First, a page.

Glue arms, baby. Glue arms.

Agent 00Buggin'

There's an assassin on the loose in Australia — but not the kind you might be thinking.

As detailed in a recent study published in the journal Biology Letters, scientists have discovered a new type of tool-wielding insect, nicknamed the "assassin bug" for a creative — and deadly — hunting technique in which it meticulously coats itself in a sticky resin as a means of more effectively catching prey.

Per the study, the assassin bug uses a specific resin from a native Australian grass called spinifex grass.

"Tool use in animals is a complex and rare phenomenon, particularly in insects," reads the scientists' research. "Tool use in assassin bugs has been suggested as several species apply adhesive plant resins to their body, which has been hypothesized to function in enhancing prey capture."

Deadly glue arms? Check. Watch out, flies.

Glue Arms

To test the extent of the tiny assassins' tool use, the Australian researchers observed the bugs in the wild as well as in captivity, taking 26 different assassin bugs from the outdoors and placing them in a glass jar with one of two prey: flies or ants.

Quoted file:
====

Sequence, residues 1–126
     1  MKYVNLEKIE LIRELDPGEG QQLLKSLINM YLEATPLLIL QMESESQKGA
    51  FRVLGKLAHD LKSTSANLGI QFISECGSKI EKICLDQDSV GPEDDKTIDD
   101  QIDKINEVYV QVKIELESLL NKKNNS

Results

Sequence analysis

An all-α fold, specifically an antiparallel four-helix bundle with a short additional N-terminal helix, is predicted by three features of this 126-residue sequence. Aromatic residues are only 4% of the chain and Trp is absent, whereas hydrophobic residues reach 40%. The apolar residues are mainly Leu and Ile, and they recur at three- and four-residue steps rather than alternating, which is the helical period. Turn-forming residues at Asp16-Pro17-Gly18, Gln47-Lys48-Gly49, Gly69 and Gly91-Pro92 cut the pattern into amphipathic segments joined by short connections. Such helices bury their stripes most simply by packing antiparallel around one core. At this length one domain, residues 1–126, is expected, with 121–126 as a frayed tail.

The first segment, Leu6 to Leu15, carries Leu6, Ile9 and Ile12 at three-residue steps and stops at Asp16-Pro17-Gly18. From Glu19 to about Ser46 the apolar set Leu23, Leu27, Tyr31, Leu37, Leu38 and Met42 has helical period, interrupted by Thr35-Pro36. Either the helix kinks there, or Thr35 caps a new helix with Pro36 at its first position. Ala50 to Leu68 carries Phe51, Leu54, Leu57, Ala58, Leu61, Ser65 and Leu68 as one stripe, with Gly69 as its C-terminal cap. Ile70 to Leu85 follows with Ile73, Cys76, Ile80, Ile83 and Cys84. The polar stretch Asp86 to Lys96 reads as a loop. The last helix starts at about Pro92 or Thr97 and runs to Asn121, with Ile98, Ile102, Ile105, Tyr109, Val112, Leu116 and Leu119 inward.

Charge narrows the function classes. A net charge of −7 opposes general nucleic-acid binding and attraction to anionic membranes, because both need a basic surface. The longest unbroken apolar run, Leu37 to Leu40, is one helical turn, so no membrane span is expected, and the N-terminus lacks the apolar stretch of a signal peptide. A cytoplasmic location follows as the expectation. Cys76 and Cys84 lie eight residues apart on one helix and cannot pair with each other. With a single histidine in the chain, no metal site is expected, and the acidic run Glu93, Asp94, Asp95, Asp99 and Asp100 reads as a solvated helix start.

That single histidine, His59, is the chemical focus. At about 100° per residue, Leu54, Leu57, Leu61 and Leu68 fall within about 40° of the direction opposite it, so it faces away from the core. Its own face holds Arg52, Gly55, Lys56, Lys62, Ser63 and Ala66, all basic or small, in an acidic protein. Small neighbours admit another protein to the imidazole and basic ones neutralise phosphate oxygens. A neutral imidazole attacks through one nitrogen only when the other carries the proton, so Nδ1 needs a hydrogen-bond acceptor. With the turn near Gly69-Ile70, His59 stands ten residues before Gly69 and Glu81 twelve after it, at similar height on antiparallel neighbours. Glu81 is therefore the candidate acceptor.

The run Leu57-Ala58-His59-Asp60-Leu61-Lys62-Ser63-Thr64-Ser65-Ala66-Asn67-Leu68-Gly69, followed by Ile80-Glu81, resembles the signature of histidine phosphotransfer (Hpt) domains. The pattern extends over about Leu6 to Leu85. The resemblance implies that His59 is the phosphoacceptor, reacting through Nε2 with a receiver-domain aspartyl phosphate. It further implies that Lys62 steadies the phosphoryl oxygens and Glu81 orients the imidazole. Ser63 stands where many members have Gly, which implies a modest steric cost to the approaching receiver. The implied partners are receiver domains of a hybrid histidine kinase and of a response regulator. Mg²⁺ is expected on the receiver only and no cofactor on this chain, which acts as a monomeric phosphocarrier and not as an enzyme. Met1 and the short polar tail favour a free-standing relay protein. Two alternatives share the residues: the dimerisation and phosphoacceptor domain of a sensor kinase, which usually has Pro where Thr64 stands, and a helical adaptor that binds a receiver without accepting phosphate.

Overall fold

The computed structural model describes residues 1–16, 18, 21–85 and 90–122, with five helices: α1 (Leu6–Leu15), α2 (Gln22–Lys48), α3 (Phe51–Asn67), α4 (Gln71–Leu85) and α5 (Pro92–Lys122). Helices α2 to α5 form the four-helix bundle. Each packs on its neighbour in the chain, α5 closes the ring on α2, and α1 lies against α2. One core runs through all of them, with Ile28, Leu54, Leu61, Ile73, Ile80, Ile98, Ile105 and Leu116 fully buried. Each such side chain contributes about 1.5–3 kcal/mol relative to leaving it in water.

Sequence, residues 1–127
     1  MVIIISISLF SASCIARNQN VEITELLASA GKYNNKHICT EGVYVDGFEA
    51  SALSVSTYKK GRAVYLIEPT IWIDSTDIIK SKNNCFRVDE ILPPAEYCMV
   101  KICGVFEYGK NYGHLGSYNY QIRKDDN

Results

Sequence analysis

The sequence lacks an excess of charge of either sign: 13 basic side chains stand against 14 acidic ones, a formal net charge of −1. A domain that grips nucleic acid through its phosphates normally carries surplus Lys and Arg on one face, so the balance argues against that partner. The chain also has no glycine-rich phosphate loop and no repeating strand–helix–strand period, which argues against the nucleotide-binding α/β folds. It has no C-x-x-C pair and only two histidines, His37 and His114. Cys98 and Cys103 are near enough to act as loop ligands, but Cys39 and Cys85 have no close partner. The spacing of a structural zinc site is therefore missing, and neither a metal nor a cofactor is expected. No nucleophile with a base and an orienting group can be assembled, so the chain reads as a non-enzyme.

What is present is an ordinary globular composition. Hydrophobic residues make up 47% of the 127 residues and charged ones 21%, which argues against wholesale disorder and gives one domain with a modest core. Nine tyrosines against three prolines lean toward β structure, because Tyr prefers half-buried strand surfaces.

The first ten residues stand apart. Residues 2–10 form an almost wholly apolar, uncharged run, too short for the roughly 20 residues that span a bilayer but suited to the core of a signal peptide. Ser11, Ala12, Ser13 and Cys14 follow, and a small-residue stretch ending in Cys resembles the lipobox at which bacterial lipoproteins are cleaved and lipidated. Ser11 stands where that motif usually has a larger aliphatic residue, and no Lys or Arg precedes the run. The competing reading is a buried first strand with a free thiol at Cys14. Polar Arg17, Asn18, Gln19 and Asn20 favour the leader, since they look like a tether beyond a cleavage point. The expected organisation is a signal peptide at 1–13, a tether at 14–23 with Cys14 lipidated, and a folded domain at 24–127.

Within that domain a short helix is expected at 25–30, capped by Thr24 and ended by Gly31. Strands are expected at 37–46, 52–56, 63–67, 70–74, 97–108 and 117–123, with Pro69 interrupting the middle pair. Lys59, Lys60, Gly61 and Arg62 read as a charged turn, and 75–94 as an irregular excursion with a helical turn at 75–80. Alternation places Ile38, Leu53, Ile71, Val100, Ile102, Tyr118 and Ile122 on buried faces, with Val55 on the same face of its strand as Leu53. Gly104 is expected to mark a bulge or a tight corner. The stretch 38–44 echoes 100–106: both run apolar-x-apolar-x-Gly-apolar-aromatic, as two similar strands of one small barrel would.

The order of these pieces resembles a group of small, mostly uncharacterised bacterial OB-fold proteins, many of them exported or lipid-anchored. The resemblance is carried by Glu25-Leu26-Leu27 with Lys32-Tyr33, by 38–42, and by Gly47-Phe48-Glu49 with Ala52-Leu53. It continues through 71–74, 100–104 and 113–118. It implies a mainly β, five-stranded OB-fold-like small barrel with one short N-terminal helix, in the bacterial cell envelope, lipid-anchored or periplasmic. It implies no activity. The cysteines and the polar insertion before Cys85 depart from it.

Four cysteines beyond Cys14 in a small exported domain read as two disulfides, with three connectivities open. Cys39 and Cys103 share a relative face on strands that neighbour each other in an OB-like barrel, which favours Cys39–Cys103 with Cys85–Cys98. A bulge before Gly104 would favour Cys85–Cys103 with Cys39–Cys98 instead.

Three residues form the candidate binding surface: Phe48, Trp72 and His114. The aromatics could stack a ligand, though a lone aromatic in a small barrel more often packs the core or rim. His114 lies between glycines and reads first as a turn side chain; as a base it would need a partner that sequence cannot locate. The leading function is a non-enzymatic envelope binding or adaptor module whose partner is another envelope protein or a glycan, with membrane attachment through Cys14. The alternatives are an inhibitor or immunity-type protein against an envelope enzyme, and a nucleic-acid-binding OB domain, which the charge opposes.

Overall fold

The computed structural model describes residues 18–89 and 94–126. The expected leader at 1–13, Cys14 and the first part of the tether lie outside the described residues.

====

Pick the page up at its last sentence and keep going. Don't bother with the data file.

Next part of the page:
As ScienceDirect notes, flies are particularly difficult to catch. Per the study, the resin-covered assassin bugs had a much easier time catching flies than their glueless counterparts did — of the 26 bugs, those with resin were 26 percent more successful at snagging the pesky winged prey.

"Here, we staged predatory interactions of resin-deprived and resin-equipped assassin bugs (Gorareduvius sp.) and discovered that applying resin as a tool conveys a clear predatory advantage to the assassin bugs," reads the study. "Gorareduvius sp. can thus be considered a tool-user, and since this behaviour was present in all individuals, including newly hatched nymphs, tool-use can be considered to be stereotyped."

And apparently, according to the scientists' observations, the use of the spinifex resin isn't a learned behavior, as even newly-hatched nymphs were seen coating themselves in the glue-like substance.

Innate tool use in an insect? That's pretty cool.

"Assassin bugs manipulated an environmental item (the resin), by taking it out of its usual context and applying it onto their bodies," the researchers concluded, "Thus gaining a selective advantage through improved prey capture."

More on insects: Scientists Suggest New Reason Dumb Bugs Smash into Lights

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